GIGA: A look at the new partnership to develop digital inclusion
At the recent Broadband Commission NYC event, a new partnership was revealed which will target the connectivity of students and schools worldwide. Over the coming year, the GIGA initiative – driven by UNICEF and ITU – will aim to secure wider public and private support. In this blog post, we take a look at the GIGA initiative and explore why partnerships like this are crucial for wider sustainable development.
At the recent meeting of the Broadband Commission in New York, there was a collective focus on the subject of school connectivity. One of the key takeaways of the event was the presentation of GIGA, a new partnership for sustainable development with a focus on school connectivity.
The creation of partnerships across public and private arenas can have a significant and far-reaching impact on the UN’s global Sustainable Development Goals (SDGs). Of course, that’s one of the reasons why creating partnerships for the goals (SDG 17) is an area of strategic importance for Ericsson, together with advocating for sustainable industry, innovation and infrastructure (SDG 9).
But how does this work in practice? Furthermore, how can the impact of high-level partnerships translate on a grass roots level?
The impact of partnerships for sustainable development
To find a previous example of how effective partnerships can have a positive impact on sustainable development, we can look to Gavi, the Vaccine Alliance.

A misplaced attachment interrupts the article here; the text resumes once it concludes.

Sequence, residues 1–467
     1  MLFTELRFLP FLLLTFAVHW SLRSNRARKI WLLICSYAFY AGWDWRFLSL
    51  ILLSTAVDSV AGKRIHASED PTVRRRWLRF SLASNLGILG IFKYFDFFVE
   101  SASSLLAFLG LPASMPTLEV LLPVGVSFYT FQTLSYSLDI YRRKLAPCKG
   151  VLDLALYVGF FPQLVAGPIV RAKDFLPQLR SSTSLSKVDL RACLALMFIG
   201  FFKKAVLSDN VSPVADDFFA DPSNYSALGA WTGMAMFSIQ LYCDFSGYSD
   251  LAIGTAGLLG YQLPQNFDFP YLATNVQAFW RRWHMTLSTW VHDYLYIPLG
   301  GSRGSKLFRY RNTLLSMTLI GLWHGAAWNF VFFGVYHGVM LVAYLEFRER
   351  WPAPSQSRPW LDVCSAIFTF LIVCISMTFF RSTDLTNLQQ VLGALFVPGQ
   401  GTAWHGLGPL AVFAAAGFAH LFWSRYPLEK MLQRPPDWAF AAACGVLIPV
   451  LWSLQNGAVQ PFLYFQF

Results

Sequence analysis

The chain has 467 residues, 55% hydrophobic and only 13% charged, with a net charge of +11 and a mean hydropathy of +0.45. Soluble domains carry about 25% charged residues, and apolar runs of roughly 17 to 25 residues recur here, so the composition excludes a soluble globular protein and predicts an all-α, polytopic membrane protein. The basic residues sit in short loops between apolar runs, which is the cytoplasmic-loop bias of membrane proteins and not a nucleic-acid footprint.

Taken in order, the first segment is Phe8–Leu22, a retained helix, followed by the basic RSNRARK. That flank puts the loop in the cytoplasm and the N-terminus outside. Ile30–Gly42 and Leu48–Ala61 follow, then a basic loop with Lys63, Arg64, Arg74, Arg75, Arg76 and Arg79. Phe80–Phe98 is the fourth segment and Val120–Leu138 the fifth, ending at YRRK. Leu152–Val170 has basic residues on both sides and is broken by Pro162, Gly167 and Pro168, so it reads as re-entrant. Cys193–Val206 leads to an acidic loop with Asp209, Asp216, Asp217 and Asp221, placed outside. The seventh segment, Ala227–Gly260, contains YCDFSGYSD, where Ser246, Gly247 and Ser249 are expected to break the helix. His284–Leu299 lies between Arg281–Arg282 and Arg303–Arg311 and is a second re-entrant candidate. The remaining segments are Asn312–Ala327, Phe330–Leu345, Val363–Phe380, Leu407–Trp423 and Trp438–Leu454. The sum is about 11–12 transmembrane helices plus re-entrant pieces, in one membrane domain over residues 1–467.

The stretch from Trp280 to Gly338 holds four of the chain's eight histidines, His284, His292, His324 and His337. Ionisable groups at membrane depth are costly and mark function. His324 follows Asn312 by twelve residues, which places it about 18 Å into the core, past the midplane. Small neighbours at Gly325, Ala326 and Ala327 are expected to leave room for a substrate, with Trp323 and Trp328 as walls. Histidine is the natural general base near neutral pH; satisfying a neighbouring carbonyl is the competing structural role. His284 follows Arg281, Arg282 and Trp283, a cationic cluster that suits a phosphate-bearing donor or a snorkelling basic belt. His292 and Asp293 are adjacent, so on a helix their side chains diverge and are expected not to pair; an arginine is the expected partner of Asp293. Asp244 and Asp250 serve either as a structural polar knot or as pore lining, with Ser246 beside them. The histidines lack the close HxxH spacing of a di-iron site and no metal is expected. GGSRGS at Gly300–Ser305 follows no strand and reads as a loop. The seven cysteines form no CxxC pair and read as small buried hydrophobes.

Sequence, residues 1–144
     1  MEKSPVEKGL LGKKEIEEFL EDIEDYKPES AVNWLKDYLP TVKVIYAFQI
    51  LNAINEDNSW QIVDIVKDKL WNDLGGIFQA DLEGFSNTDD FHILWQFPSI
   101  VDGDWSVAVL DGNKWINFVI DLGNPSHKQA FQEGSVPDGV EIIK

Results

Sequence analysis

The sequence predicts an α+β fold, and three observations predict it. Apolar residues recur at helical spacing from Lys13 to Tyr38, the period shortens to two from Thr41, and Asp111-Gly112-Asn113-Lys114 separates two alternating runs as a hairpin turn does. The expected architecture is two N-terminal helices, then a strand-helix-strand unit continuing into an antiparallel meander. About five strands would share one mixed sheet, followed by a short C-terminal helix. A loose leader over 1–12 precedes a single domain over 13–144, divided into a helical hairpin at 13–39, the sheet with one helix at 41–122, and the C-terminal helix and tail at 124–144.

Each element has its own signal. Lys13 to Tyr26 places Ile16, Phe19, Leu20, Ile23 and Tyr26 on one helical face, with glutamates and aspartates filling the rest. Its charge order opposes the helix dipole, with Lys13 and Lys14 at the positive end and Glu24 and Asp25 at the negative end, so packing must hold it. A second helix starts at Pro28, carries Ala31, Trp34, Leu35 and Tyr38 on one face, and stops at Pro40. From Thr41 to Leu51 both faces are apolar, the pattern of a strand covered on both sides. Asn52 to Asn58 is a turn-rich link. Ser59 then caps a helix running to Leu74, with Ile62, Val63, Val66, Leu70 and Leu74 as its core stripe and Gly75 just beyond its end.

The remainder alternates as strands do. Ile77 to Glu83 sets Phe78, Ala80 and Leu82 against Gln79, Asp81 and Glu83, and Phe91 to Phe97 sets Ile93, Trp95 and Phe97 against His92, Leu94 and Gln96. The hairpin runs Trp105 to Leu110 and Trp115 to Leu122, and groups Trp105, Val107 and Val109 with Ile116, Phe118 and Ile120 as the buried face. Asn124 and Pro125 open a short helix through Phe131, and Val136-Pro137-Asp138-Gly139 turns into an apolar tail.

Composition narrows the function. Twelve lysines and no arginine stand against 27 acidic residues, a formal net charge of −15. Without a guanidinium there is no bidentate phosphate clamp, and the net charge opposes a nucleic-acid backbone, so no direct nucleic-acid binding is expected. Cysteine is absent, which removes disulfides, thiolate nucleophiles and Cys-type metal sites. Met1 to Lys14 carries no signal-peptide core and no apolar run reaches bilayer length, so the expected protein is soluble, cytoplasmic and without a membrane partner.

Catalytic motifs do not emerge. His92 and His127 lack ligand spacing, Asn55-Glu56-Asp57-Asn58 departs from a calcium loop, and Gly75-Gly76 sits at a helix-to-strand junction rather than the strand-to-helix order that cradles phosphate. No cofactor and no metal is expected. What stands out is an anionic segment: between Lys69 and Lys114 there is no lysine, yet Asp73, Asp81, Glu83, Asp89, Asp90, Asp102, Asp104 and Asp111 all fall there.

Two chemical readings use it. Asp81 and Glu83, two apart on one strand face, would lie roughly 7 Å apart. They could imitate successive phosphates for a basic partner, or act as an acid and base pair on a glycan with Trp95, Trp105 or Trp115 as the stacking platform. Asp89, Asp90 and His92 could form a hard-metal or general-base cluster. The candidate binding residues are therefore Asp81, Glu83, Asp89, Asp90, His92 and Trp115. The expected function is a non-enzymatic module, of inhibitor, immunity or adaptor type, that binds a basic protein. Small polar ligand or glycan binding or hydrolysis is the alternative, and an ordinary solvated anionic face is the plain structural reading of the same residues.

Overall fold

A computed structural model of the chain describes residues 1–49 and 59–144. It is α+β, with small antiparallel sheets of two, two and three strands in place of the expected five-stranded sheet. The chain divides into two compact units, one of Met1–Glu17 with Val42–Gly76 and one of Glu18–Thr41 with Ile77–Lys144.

At the turn of the last century, despite great progress made in the previous two decades, global immunization efforts were beginning to plateau. By 1999, there were still 30 million children living in poor countries who were not fully immunized. Coverage was stagnating and, in some places, even declining. New life-saving vaccines were not reaching children in developing countries, those who needed them most, because they were too expensive.
A new approach was needed. So, in 2000, a unique public-private partnership called Gavi was created to bring together the best of what the world has to offer across key UN agencies, governments, vaccine industries, private sectors and civil society. The goal was to improve childhood immunization coverage in poor countries and accelerate access to new vaccines.
By 2018, the direct actions of this partnership have led to the immunization of over 700 million children preventing more than 10 million future deaths in the process. The success has been due to Gavi’s business model of pooling country demand, guaranteeing long-term, predictable funding and creating economies of scale.
Almost 20 years later, serious thought is being given to the formation of a similar partnership, but this time focused on bringing digital connectivity to every school across the globe. It may not appear to be as critical as a vital immunization program, however there are clear similarities between both cases.
Similar to the success of the first immunization programs in the nineties, for example, there has been great progress in bringing digital connectivity to many schools around the world. However, the fact remains that, today, over 40 percent of the world's population still do not have access to the Internet. These were the findings of the recent World Economic Forum edition of our “enabling Internet for all” report, all of which is based on Ericsson Mobility Report data.
Above: The number of people who, in 2024, are estimated to live without a mobile broadband connection and the corresponding coverage availability within those populations. As the data illustrates, the majority of “unconnected” populations are expected to be located in 3G/4G/5G coverage areas.